To kick off 2016 and start the blog off a fresh I thought a small photo essay of some grafting I did earlier this spring might be a good way to get things back into gear. The tree in question came from Shibui Bonsai and had just been lifted from the grow beds and showed the results of the early work Neil puts into these trees. It had a good start to build a really nice base upon so i decided to begin that process with some root grafting. Photos below:
Over the years while growing black pines I have always strived for more buds. Each year i tried to get back buds to form and most times I was successful although sometimes the tree I was working on would show signs of promise and then wave them in my face as it took them away again.
What am I talking about? I am sure you have all seen them; those small buds that form and give you hope, only to swell but never open, and then after a few seasons growth, wither and die.
As far as i can work out, these are needle buds and or weak adventitious buds that for what ever reason can never really get themselves into gear. Even after candle pruning the rest of the tree theses buds often still sit and do nothing. The most frustrating thing about these buds is they always seem to appear right where you want them which makes seeing them die all the more difficult.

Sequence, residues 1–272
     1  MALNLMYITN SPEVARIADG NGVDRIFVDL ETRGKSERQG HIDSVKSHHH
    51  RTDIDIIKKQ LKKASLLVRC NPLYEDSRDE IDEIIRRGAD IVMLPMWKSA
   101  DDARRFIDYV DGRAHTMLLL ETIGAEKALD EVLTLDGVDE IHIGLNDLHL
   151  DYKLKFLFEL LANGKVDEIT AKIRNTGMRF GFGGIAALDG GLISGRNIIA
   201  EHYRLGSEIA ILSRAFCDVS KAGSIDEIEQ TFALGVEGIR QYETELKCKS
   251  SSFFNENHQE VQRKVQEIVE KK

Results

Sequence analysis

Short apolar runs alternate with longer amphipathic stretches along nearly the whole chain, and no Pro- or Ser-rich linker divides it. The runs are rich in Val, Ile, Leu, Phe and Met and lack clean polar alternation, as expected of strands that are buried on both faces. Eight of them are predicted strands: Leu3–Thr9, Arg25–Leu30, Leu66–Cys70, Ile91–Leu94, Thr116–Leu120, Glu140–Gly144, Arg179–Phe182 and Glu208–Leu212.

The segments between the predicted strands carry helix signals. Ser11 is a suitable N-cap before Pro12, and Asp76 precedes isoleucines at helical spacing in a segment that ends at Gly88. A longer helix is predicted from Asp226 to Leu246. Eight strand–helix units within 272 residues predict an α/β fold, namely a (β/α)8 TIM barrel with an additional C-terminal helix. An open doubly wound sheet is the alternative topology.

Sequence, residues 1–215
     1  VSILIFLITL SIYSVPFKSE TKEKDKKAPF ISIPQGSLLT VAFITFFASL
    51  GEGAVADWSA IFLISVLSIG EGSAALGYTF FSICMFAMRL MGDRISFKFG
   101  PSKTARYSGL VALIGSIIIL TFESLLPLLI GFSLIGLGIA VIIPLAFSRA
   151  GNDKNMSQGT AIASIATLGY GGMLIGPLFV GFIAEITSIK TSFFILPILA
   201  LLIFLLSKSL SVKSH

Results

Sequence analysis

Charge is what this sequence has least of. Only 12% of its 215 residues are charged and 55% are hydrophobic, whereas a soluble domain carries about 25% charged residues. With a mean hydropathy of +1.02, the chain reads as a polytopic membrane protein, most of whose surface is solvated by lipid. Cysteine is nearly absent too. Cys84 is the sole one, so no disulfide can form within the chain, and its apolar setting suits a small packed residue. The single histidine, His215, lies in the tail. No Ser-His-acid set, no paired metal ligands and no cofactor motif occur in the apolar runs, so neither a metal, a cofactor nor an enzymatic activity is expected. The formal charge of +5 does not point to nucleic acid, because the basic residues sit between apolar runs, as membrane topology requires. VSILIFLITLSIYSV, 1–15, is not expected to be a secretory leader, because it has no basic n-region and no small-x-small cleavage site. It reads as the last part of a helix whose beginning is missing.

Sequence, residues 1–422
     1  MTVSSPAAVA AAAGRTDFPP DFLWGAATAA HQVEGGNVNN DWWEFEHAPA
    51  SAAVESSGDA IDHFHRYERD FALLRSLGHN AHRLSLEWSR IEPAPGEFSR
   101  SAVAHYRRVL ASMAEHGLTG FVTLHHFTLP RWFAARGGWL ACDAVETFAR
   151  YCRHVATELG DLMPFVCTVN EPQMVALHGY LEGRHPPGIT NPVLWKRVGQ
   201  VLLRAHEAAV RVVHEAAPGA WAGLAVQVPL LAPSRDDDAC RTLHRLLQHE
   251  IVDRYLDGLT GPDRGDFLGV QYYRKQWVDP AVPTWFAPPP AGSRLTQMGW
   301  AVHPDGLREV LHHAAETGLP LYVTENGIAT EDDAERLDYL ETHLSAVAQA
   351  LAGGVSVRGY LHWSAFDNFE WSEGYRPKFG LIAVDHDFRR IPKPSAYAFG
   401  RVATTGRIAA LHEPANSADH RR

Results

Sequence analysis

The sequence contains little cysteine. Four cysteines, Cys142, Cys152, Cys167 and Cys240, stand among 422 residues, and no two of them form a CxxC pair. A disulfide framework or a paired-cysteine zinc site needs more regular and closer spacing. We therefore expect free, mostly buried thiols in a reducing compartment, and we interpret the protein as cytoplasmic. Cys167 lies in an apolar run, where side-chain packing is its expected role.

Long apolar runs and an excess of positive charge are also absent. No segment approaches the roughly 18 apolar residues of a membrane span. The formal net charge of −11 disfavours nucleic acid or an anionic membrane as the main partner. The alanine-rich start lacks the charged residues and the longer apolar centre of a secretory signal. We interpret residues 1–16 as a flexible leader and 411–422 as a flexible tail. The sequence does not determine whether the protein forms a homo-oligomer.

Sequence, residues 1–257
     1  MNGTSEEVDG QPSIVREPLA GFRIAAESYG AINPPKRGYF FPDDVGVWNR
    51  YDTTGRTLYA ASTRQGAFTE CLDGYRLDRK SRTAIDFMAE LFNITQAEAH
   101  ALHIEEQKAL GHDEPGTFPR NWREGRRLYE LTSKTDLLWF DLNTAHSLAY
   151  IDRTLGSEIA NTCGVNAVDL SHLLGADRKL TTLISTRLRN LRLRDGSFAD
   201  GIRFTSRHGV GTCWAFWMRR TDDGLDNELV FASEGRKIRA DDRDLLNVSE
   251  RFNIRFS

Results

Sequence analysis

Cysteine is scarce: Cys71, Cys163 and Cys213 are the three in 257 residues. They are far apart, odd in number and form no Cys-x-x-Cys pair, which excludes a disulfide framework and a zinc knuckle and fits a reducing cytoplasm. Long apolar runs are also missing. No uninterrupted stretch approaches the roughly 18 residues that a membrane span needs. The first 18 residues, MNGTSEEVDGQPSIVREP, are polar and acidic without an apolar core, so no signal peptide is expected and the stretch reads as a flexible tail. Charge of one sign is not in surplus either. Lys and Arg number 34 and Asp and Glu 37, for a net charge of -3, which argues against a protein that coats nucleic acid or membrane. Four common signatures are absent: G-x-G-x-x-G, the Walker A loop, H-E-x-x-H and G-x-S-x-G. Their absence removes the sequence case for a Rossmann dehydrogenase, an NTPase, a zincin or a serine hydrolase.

I have tried a number of methods to awaken them but none have worked. I have had them in both shaded locations and spots where they get full sun, on bottom branches and in the apex, on strong growth and on weak. Nothing seemed to work no matter where they occurred or what I tried.
But there is still hope. At the convention a month ago Ryan Neil talked about these buds and passed on a technique I had not heard of before. He said these buds could be awakened by slightly damaging them with a scissor cut done at the same time you candle prune. That is to say that when you cut the candles, you also make a small incision into these sleeping buds. He said it was this damage that would trigger these buds to put out a flush of growth at the same time as the cut candles re-grow their second flush.
As we in winter at the moment I have not yet had the chance to try this method out, but I look forward to trying it this coming summer. Hopefully it is the answer to this annoying sleeping bud issue.
Sometimes things elsewhere look better than what you might have at your own disposal. This can do two things. One is you can become inspired and in turn try to improve your situation, or you can feel defeated and do nothing and long for what is over the proverbial fence.